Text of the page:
IN SPITE OF the possibilities for symptomatic treatment by a variety of surgical interventions, otosclerosis has been and continues to be one of the unsolved problems in otology. Although innumerable attempts aimed at bringing light into the etiology of the disease were not successful, the formal genesis of otosclerosis as well as questions concerning developmental and structural features of the temporal bone and especially of the labyrinthine capsule have been cleared up to a large extent by morphologic studies.
The bony labyrinth differs biologically and from an anatomicopathological point of view from all other bones of the skeleton. It is generally known that the osseous labyrinth like all other bones of the skull is preceded by a cartilaginous primordium. In the normal ossification process, all cartilage is replaced by compact and spongy bone, but in the endochondral layer of the labyrinthine capsule relatively large residues of hyaline cartilage persist throughout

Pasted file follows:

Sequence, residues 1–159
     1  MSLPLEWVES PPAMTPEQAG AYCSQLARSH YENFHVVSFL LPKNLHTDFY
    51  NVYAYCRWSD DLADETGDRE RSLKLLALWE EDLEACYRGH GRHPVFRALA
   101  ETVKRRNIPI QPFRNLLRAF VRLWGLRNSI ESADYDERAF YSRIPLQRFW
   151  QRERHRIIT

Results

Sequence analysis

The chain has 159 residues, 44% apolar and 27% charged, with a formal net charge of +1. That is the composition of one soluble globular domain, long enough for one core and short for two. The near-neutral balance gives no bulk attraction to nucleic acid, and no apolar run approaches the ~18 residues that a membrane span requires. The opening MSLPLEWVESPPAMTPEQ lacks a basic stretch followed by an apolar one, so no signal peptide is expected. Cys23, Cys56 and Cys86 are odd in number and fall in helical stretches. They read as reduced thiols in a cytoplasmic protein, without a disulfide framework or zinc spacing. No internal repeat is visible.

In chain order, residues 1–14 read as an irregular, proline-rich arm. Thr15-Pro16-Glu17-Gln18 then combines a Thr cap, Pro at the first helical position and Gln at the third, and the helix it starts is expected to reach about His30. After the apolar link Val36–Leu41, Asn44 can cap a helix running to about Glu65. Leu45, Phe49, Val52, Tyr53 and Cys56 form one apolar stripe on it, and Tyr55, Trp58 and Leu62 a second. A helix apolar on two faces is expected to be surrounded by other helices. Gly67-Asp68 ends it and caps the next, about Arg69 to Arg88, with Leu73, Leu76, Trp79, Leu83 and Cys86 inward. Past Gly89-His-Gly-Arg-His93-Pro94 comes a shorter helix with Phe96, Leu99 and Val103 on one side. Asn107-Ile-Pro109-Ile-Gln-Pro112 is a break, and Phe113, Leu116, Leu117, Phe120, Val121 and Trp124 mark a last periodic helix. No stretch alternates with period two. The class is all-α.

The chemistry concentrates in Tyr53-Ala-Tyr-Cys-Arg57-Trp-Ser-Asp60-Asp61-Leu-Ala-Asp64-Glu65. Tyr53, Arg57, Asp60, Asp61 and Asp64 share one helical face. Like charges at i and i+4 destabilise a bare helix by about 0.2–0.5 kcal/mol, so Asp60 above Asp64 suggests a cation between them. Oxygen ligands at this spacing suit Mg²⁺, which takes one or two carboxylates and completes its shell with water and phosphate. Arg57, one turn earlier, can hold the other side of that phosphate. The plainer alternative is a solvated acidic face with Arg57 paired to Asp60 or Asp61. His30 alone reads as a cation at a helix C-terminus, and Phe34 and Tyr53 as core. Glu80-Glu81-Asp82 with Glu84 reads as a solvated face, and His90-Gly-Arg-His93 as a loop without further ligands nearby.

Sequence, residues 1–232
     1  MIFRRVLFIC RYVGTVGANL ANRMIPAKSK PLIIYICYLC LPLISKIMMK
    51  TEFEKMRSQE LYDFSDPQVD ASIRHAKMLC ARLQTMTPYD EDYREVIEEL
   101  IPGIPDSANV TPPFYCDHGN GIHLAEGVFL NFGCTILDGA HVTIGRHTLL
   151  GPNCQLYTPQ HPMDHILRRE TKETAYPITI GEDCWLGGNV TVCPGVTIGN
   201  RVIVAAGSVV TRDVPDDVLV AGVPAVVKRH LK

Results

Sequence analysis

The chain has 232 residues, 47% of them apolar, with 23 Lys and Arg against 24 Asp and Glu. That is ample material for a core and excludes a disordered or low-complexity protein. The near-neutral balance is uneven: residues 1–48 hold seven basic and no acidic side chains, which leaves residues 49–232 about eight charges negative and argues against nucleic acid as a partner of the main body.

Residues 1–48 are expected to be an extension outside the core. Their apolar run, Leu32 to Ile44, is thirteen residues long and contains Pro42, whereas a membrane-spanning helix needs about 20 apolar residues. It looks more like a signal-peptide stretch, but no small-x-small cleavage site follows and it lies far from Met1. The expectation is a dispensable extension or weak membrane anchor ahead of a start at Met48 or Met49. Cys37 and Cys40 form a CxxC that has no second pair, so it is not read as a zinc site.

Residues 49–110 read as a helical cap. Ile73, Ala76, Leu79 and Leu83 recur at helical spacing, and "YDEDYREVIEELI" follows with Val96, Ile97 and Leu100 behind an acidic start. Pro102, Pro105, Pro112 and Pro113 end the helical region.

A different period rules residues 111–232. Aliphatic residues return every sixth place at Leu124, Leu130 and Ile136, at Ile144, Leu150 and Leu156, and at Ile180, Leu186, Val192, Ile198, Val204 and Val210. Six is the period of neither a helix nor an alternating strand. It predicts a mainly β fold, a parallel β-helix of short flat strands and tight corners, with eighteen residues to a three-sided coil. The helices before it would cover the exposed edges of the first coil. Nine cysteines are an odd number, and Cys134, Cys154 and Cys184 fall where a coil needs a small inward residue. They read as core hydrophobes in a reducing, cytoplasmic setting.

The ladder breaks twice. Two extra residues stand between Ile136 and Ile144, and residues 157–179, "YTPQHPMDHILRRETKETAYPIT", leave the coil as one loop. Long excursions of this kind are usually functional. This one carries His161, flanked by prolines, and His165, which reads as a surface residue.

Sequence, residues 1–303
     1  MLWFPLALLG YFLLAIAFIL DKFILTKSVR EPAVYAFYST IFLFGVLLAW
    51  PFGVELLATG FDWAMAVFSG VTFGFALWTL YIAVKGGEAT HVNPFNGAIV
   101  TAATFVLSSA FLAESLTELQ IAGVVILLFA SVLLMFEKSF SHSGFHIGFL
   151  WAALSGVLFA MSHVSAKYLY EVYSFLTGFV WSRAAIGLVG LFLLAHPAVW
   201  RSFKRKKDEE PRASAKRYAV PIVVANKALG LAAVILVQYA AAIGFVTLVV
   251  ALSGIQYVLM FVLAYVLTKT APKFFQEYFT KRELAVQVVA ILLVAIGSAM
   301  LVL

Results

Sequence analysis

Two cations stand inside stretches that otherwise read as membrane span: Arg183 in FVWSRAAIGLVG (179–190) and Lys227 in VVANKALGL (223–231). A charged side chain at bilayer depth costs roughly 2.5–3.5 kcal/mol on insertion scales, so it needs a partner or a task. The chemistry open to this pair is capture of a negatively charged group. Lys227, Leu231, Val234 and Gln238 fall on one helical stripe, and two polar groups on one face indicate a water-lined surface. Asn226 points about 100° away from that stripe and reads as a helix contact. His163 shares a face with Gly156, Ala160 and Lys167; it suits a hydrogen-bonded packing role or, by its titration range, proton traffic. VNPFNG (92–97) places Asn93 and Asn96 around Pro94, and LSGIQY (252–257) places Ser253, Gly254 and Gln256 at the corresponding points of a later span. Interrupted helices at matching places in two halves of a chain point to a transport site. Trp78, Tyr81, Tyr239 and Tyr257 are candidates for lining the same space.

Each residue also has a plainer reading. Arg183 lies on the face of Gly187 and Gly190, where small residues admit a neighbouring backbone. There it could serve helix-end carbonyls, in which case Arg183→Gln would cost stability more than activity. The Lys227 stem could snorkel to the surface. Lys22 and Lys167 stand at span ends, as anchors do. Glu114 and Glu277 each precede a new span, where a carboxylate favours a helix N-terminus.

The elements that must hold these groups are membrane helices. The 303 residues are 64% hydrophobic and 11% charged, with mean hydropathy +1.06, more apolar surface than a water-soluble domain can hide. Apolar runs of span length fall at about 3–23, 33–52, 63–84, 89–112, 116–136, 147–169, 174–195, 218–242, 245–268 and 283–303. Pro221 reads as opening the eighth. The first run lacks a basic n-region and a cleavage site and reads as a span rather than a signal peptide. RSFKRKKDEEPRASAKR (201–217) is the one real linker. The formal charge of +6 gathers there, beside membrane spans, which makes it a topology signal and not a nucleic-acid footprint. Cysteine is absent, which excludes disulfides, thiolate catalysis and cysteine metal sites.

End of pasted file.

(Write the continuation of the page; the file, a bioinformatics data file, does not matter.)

Maurer H. Biochemical Aspects of Otosclerosis. Arch Otolaryngol. 1967;85(3):238–242. doi:10.1001/archotol.1967.00760040240002
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